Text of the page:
So we came up with the idea of having a faculty member come in and staff from 10 to midnight. That faculty would have time to staff the patients that were admitted in the afternoon, would have time to teach the night residents and interns, and it would be valuable for the patients to be seen by staff in the middle of the night. Faculty would get paid extra for coming from 10 to midnight and would learn how to bill, because that money would go directly to them, and the RVUs in the division would go up.
And we did that, and it worked really, really well and achieved all its purposes. About three years later, I was at a Ground Rounds about new ways to teach residents. And I heard the person presenting talk about how “stealth supervision” was important. And they used the example of the faculty in pulmonary-critical care offering stealth supervision at night for the residents and fellows that were on call. So innovation and using creativity to solve problems is something I really, really liked.
What was another challenge the division faced and how do you think you solved it?
A big challenge that we continue to have is that physician-scientists are disappearing. So we need to attract the pulmonary fellows that want to do research. And then once they finish their fellowship, they need to stay for a couple extra years so they can get a K award. And then it takes some time for them to be productive, so they can get an R01. The only way to do that is for the whole division to be supportive of this program. I was fortunate that most of our faculty in the division agreed that we wanted to have an academic fellowship. And we wanted to support our research programs and the fellows that wanted to do research to stay after the fellowship for additional years. Some of them stayed as post-doc, some of them stayed as associates, some of them stayed as assistant professor on the clinical track. And as they got to produce data and write papers and write grants, they transitioned to tenured faculty.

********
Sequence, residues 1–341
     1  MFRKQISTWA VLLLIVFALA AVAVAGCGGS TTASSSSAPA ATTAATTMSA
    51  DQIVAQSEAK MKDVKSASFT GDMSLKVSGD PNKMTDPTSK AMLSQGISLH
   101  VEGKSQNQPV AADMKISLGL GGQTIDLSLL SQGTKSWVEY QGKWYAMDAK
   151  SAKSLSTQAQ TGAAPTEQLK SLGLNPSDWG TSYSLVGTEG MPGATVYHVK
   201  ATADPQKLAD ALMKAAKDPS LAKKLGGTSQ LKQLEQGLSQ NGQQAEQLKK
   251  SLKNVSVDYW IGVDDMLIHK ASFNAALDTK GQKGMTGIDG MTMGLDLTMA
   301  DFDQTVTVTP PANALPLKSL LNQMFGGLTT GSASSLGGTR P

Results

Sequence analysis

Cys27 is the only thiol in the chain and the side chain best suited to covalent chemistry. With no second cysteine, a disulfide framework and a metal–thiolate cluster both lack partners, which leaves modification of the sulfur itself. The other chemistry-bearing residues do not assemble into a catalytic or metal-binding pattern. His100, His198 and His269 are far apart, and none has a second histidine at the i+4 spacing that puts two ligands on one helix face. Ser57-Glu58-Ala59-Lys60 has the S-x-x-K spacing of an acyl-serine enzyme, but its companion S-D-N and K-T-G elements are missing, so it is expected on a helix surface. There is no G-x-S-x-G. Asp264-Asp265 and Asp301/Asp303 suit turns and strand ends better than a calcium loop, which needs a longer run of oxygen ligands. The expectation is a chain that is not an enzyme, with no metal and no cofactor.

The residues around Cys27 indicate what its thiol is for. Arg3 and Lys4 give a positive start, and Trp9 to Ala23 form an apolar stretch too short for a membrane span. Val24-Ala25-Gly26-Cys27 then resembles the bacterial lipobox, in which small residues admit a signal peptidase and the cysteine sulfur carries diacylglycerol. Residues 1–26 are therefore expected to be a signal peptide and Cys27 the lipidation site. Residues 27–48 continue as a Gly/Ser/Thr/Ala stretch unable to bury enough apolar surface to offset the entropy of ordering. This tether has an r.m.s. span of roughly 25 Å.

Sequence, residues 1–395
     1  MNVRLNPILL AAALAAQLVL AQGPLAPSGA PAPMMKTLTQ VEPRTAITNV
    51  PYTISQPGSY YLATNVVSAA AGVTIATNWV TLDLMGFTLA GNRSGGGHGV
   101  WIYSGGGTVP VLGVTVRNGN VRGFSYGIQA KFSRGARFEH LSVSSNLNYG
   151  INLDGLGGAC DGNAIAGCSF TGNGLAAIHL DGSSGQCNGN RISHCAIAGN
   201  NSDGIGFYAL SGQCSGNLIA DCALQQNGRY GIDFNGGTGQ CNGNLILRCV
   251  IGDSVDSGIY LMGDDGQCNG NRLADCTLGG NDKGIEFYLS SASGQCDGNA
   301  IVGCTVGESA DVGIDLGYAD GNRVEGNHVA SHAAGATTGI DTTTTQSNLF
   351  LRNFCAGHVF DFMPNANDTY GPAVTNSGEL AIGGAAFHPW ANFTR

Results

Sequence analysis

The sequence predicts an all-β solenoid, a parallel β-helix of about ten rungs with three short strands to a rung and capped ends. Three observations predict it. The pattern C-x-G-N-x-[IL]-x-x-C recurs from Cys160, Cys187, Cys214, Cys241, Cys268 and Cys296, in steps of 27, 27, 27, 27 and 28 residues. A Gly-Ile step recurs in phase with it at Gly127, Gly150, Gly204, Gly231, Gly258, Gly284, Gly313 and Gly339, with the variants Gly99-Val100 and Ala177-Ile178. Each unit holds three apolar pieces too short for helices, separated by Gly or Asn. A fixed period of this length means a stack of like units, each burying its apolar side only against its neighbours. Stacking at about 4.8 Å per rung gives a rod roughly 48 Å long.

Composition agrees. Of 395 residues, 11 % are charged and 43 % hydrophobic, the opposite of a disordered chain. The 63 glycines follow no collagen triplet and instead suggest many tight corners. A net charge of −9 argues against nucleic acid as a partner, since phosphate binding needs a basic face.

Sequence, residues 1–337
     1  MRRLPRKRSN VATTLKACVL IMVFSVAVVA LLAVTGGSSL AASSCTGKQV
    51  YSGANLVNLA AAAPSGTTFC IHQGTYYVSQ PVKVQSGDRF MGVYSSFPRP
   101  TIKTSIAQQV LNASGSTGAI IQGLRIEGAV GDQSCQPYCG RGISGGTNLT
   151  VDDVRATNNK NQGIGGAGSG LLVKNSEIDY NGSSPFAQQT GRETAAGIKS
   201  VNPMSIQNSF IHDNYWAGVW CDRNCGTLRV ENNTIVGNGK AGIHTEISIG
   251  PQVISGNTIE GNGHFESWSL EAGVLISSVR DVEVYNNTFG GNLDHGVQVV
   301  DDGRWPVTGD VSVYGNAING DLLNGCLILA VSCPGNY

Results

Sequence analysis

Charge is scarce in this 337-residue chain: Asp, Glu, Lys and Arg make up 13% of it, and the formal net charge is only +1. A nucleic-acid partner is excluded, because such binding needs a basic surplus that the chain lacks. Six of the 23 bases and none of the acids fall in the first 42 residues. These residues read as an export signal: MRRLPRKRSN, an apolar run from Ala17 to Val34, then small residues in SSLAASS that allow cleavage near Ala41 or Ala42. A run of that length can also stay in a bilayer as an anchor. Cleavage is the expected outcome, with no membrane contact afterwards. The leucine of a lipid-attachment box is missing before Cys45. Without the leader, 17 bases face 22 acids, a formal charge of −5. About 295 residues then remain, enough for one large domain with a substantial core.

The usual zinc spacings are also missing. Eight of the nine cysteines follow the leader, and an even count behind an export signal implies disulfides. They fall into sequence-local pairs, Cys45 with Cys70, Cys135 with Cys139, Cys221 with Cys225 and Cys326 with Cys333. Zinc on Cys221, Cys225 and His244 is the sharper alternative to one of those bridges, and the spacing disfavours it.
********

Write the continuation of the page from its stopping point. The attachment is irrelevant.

I think it continues to be a huge issue. We are not gonna solve the problem of the disappearance of physician-scientists just by talking about it. It requires a huge investment, with the knowledge that not all the fellows that we train to become physician-scientists are gonna be successful. You start by knowing that some of them are gonna love it, but they’re not going to want do it. Some of them are going to want do it, but they’re not going to be good at it. And some of them are just going to be passionate about other things. But if we don’t try, we’ll never replenish the physician-scientists that are needed to take all the incredible basic science discoveries that have happened over the last 20 years and translate them into new treatments or cures.